Step five. The plan for sale must offer ease of transfer.

If you list the practice for sale with a broker, he or she can give you an estimate of the value of the practice and connect you with potential buyers. You choose the broker, the finances are worked out and the practice changes hands on a specific day. If well-executed, it can work for everyone. If not, the practice can disintegrate quickly as team members and patients find the exchange uncomfortable. An alternative is to bring in an associate and transfer the practice over time with the team. Finding a compatible associate can be difficult. The better the owner understands his or her practice, what it offers, and what it stands for the better the chance of finding compatibility. With a good match, patients and staff members find the transfer comfortable and positive.

Here are a few things to remember:

  • If the associate is hired with the plan of taking over the practice at a future time, it is important to set the value of the practice as soon as the compatibility issues are resolved. The practice will grow with a well-chosen associate who is willing to promote the practice and attract new patients. The incentive to build the practice may not be there if the associate realizes that his or her efforts are just making the practice more expensive to purchase. If the value is set early on, the new dentist can build away knowing that his efforts will be rewarded at the time of purchase. At the same time the senior dentist receives the benefit of maintaining the value of the practice even as he slows down himself.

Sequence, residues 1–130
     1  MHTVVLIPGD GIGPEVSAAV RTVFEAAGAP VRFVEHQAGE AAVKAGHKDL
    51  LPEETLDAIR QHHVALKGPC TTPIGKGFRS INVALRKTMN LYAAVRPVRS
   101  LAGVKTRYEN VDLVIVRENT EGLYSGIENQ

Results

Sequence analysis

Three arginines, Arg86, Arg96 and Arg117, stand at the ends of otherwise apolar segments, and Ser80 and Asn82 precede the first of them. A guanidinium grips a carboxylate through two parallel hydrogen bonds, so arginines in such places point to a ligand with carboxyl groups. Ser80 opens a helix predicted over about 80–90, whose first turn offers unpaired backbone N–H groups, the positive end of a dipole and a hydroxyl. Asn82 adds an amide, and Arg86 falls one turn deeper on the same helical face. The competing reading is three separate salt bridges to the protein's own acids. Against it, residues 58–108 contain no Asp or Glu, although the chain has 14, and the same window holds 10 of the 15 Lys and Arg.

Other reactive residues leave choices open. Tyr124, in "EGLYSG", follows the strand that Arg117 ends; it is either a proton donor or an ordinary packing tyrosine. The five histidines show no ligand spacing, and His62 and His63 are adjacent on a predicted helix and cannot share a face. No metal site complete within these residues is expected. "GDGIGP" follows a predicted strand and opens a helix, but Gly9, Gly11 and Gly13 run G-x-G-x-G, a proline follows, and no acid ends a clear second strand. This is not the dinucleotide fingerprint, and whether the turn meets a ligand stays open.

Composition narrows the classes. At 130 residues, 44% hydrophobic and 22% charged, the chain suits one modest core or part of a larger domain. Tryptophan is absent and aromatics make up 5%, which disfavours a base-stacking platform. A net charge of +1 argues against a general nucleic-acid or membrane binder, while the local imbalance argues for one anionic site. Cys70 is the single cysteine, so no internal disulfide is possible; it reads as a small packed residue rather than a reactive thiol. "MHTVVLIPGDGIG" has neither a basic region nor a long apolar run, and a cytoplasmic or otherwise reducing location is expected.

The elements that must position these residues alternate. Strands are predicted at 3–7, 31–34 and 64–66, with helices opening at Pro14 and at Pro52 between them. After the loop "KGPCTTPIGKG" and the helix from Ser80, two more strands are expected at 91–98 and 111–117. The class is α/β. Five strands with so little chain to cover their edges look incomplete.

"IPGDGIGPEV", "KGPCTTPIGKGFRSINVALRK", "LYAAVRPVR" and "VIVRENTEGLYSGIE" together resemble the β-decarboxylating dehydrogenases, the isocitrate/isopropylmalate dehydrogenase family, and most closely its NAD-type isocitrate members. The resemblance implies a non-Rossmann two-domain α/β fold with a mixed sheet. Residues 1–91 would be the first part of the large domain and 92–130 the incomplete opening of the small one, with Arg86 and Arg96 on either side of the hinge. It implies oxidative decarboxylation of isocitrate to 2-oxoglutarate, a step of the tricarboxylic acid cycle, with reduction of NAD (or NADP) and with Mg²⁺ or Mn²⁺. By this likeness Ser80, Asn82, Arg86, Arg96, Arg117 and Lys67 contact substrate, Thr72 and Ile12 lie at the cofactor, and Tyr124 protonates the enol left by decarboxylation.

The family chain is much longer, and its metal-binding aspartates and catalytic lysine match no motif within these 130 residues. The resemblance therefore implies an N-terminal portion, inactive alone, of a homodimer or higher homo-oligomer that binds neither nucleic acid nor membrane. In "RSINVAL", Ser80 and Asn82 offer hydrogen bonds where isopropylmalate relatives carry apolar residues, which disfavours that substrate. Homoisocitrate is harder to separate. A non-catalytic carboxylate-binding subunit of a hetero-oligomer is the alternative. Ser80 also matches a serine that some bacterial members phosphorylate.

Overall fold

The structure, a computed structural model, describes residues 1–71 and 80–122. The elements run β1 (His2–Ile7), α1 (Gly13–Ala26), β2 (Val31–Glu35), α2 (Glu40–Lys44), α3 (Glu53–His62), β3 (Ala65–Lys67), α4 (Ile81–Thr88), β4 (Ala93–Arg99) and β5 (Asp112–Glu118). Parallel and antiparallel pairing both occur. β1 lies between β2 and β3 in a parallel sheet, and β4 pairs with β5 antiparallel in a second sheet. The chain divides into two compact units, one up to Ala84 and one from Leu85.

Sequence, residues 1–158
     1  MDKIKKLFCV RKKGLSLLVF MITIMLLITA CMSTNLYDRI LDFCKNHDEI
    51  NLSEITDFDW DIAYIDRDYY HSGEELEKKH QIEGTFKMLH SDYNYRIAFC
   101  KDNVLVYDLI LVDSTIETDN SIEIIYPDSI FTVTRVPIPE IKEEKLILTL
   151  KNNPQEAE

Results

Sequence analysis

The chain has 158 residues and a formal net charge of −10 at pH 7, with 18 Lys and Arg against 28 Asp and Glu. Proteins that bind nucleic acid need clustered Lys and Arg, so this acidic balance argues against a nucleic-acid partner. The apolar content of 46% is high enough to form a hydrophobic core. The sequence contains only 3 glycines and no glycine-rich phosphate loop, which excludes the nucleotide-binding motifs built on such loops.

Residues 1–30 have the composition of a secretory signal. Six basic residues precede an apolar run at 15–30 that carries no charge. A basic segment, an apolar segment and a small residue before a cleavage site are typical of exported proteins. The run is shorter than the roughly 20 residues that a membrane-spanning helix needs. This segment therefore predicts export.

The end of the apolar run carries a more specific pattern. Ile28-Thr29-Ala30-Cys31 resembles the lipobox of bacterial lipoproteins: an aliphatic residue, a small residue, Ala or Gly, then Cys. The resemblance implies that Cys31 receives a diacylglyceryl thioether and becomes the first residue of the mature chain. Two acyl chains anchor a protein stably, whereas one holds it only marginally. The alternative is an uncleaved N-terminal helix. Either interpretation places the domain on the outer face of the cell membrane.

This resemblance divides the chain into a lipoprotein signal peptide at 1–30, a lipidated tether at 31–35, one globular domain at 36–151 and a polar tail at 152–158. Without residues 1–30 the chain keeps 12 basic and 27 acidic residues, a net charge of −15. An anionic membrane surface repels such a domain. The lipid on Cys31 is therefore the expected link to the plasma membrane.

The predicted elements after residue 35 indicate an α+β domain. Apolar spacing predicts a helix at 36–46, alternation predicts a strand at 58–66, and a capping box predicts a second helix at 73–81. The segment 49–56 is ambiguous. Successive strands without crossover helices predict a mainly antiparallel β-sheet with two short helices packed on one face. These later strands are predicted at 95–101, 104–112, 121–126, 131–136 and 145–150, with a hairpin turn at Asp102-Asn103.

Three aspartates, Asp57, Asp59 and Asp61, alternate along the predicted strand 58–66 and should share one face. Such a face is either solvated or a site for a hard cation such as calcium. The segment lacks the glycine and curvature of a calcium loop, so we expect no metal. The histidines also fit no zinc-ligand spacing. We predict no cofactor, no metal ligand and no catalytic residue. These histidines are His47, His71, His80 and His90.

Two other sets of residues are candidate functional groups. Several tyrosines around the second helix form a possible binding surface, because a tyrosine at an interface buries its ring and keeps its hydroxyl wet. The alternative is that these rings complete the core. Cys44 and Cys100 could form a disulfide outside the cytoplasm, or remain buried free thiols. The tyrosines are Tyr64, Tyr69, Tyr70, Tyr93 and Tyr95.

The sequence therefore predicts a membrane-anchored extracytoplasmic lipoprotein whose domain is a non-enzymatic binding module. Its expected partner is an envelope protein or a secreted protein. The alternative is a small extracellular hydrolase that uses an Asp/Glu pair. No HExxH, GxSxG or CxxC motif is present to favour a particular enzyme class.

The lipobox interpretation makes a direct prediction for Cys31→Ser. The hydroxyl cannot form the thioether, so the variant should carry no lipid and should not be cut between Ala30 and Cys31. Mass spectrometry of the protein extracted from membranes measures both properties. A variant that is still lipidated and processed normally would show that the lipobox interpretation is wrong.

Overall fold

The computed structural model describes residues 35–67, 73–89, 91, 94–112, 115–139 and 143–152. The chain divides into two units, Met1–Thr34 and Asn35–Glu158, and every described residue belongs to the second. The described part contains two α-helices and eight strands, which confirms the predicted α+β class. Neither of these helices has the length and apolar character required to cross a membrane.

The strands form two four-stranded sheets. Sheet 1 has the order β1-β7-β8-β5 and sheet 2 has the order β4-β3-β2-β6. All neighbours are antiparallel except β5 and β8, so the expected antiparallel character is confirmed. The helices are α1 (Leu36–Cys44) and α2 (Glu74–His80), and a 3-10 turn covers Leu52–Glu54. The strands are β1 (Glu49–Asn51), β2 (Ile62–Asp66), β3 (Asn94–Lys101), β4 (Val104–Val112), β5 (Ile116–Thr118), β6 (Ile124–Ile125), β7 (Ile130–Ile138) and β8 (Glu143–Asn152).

• An associate may buy into the practice, either as a partner or over time. In either case it is important for the senior dentist to realize that it is difficult for the part owner to feel any sense of ownership unless the senior dentist goes out of his or her way to establish that ownership with the patients and the team members. If the associate will be purchasing part of the practice now and the rest later, it is important that there be a specific future date for the remainder of the transaction to take place so that the new owner can make plans for the future.

In each one of these scenarios the success will be closely connected to the details of the transfer. The more that the transitioning dentist can be prepared in advance of the transaction, the better the buyer and seller can concentrate on the surprises that arise. For the patients’ sake, the smoother the transfer of interest in the practice, the better the chance that they will continue to receive quality care.

Dr. van Dyk practices general dentistry in San Pablo, CA, and teaches in the department of Dental Practice at the Arthur A. Dugoni School of Dentistry. He has been lecturing on practice management issues since 1985. He served on the ADA Council on Dental Practice and was instrumental in the development of the ADA Success Seminar Series that has been giving dental students real life information on the business of dental practice for over 30 years. He can be reached at or at